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The global market for handicrafts was $752 Billion in 2022, and it is forecasted to reach $1,297 Billion by 2028 If the wood carvers, potters, glass blowers, and other artisans of the West Bank and Gaza are to capitalize on this growth, they need access to export markets. As a shrewd business leader, Suzan facilitates this export market access for artisans. And as a compassionate member of the Palestinian community, she ensures that her artisans can earn a living wage through fair prices for their work.

Suzan founded Bethlehem Fair Trade Artisans (BFTA) in 2009 to provide producers of traditional Palestinian handicrafts access to equitably priced, foreign wholesalers ready to import in bulk. In 2015, BFTA became a member of the World Fair Trade Organization (WFTO) by maintaining uncompromising principles of fair wages, safe working conditions, gender equality, and opportunities for persons with disabilities (PWDs).

In addition to fairtrade standards, BFTA differentiates itself from competitors through collaborative relationships with artisans to design new products that appeal to foreign markets. For instance, Suzan taught Bedouin women’s groups how to upcycle discarded sheep’s wool into Christmas ornaments prized by US buyers.

By 2019, BFTA had matured into a network of over 50 fairtrade microenterprises and women’s groups with a steady flow of orders from European wholesalers. Then the pandemic wiped out global markets, all orders were canceled, and the very livelihoods of Suzan’s artisans were in jeopardy. Suzan’s resilience and business acumen helped BFTA renegotiate deals on outstanding inventory and the artisans lived to fight another day.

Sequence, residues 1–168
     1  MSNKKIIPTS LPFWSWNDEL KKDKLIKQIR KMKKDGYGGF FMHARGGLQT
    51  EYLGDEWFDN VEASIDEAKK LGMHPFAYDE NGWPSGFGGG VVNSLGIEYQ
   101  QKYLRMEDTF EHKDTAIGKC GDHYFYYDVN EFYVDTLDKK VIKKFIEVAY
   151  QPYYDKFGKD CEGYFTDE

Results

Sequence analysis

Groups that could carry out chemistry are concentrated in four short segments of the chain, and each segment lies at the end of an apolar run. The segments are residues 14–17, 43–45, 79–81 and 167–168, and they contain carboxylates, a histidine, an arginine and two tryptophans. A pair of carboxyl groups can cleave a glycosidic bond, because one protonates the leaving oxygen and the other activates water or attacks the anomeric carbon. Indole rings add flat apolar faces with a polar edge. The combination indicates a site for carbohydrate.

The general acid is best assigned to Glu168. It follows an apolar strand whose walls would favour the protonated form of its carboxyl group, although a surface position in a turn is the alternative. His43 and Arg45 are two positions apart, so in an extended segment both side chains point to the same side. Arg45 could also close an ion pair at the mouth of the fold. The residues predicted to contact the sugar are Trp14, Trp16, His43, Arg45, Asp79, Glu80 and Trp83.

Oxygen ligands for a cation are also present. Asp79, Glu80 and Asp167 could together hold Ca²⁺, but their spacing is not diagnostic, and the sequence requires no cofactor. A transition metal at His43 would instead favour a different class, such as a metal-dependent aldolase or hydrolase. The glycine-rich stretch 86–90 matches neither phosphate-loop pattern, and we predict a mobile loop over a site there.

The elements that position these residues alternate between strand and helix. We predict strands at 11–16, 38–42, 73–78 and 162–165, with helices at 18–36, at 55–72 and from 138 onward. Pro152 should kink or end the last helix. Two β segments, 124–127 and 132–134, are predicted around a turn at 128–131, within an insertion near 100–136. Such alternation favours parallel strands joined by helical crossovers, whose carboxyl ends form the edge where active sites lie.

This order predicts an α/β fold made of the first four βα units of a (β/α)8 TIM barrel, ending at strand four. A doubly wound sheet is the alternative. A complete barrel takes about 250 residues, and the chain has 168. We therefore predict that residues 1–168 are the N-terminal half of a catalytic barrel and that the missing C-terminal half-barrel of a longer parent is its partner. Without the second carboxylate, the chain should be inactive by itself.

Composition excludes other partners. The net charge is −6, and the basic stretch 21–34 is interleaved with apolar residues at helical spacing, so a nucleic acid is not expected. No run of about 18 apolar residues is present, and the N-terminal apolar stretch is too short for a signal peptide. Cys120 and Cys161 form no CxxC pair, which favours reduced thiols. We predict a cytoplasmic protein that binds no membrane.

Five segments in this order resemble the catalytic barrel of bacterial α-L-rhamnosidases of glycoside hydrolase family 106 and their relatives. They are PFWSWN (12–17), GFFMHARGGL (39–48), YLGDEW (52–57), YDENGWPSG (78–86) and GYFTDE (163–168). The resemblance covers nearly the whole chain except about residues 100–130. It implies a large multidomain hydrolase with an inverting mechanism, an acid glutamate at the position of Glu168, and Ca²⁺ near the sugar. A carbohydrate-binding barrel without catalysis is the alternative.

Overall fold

As a part of its efforts to recover the Palestinian tourism sector from the lingering effects of the pandemic, the USAID SMART Project identified BFTA as one of the few handicraft exporters that survived the economic shock and was ready to get back to international markets. Suzan and a SMART Business Advisor devised a Recovery Plan focused on marketing to new US-based wholesalers. The Recovery Plan included funding and technical assistance for e-commerce, product catalogues, branding, marketing consultancy, and social media support. It also supported participation in an international tradeshow in New York, the NY Now Summer Market in August 2022.

In New York, Suzan was able to connect with wholesalers that she had been trying to reach for years. “You can email people so many times, but when you meet them face-to-face its totally different,” she explained. Furthermore, Suzan was prepared to approach these buyers with product samples, catalogues, and a well-planned marketing strategy. Following the tradeshow, BFTA made sales with seven new importers in the US and export revenues increased by 40%.


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